A Hartree-Fock Application Using UPC++ and the New DArray Library

David Ozog, University of Oregon

Photo of David Ozog

The Hartree-Fock method is the fundamental first step for incorporating quantum mechanics into many-electron simulations of atoms and molecules, and it is an important component of computational chemistry toolkits like NWChem. To enable innovations in algorithms and exploit next-generation exascale systems, it is crucial to support quantum chemistry codes using expressive and convenient programming models and runtime systems that are also efficient and scalable. This poster presents a Hartree-Fock implementation using UPC++, a partitioned global address space model that includes flexible communication, asynchronous remote computation and a powerful multidimensional array library. I will present a new distributed array abstraction, DArray, that is convenient for the kinds of random-access array updates and linear algebra operations on block-distributed arrays with irregular data ownership. The poster includes performance analysis of atomic fetch-and-add operations (relevant for load balancing and work stealing) and runtime attentiveness, then compares various techniques and optimizations for these operations. The optimized implementation of Hartree-Fock using UPC++ and the DArrays library shows up to 20 percent improvement over a reference Global Arrays implementation at scales up to 24,000 cores.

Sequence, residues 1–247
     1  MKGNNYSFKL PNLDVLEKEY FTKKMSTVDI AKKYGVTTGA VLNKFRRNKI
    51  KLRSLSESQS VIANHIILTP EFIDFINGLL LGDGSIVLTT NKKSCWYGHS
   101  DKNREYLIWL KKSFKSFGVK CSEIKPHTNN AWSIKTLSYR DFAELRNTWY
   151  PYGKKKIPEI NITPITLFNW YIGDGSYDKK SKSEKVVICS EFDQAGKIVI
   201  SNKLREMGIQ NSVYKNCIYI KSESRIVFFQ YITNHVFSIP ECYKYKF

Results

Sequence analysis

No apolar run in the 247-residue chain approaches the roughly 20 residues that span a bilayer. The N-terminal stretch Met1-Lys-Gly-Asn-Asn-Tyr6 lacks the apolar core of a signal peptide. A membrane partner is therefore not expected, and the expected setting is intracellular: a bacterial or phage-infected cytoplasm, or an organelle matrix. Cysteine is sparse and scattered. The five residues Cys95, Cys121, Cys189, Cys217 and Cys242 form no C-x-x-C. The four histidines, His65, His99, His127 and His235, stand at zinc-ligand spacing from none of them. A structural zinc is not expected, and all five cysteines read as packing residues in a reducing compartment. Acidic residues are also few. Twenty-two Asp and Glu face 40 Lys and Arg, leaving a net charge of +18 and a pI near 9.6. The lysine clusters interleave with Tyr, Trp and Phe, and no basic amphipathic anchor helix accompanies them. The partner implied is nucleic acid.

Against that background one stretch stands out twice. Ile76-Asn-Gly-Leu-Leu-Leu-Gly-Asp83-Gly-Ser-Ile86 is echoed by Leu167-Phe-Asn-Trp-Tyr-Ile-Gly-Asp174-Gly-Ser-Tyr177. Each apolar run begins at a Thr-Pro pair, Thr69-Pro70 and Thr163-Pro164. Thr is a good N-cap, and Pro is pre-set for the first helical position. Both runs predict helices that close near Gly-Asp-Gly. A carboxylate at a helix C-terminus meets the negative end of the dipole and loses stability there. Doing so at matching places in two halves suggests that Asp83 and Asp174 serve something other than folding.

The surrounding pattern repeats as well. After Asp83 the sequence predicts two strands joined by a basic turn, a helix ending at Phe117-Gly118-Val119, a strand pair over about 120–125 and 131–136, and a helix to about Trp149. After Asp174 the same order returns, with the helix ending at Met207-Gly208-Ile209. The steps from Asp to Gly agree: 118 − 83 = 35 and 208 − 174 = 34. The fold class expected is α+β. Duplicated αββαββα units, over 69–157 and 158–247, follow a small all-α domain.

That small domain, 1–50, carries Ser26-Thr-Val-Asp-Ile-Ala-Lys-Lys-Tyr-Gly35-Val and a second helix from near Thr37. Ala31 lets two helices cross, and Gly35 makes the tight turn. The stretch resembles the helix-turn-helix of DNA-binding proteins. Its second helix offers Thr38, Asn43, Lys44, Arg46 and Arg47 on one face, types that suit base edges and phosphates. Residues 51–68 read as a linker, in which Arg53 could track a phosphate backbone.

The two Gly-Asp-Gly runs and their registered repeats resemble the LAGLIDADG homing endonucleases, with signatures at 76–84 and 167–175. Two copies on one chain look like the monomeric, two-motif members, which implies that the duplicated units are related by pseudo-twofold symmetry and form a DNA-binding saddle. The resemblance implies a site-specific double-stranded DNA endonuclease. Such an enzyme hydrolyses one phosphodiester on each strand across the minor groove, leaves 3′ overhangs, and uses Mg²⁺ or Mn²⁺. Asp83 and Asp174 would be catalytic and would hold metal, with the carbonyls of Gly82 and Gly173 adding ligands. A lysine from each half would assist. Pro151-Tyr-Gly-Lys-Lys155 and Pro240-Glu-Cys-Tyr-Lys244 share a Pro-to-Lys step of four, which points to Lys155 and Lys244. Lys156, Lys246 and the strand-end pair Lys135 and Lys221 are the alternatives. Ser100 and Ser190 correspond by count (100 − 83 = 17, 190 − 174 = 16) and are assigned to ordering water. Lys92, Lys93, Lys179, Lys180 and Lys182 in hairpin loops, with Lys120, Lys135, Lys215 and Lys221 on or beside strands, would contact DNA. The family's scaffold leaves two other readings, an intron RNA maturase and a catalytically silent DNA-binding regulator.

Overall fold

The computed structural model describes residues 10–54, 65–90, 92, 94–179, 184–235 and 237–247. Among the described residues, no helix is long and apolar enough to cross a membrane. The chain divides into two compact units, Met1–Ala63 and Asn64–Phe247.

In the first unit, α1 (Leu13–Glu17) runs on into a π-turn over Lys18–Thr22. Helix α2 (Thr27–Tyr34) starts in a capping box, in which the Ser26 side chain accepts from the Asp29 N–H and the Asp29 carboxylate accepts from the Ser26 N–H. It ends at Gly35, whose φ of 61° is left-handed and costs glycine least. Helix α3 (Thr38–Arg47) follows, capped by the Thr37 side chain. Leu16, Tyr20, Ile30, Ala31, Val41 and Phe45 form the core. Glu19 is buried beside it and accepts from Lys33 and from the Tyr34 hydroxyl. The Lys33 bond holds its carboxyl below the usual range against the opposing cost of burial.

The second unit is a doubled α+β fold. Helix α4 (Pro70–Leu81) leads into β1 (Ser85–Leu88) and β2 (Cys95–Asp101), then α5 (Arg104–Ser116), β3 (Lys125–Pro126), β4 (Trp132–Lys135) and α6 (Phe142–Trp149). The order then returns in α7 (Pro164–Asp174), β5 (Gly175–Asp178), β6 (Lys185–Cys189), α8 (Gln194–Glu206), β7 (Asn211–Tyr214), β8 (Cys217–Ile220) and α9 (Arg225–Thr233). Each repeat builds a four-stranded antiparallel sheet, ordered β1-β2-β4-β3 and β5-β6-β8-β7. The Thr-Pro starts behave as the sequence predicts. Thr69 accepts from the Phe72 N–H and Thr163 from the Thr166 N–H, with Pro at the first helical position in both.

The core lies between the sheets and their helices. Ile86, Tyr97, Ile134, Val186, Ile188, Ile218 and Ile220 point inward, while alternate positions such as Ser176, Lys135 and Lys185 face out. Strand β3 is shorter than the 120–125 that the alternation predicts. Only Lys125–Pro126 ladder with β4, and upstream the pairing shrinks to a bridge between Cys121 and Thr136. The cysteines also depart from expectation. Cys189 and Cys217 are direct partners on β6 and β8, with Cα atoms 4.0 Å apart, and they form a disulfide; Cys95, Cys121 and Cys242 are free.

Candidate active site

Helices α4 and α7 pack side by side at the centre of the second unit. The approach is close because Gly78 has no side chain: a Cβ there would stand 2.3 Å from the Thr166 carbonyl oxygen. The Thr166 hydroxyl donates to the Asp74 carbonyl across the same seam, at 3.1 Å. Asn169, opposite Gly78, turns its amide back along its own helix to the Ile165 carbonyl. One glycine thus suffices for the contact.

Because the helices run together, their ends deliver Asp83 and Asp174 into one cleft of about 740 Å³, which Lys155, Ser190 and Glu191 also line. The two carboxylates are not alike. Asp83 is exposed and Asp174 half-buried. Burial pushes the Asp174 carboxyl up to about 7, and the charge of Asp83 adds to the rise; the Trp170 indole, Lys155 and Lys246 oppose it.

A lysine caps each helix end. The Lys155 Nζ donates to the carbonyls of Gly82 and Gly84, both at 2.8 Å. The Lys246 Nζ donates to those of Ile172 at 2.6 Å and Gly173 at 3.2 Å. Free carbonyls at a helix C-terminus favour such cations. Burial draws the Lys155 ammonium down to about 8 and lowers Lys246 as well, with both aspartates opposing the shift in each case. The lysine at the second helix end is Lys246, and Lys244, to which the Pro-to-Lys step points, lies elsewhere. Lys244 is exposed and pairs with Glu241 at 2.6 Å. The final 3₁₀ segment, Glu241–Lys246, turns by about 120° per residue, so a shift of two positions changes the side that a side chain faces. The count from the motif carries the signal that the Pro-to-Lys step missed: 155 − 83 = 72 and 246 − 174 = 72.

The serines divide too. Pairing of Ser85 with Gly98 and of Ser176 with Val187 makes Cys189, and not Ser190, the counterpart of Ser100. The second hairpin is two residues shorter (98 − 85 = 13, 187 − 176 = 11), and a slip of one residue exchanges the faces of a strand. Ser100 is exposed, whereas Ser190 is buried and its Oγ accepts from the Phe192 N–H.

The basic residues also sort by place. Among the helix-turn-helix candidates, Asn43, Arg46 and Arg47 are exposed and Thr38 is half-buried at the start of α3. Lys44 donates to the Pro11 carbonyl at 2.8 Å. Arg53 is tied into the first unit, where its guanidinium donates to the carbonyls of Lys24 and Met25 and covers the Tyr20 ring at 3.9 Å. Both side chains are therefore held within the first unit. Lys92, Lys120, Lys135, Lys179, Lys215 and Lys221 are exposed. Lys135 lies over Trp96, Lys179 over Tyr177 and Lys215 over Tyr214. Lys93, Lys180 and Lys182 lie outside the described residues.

Abstract Author(s): D. Ozog, A. Kamil, Y. Zheng, P. Hargrove, J.R. Hammond, A. Malony, W. de Jong, K. Yelick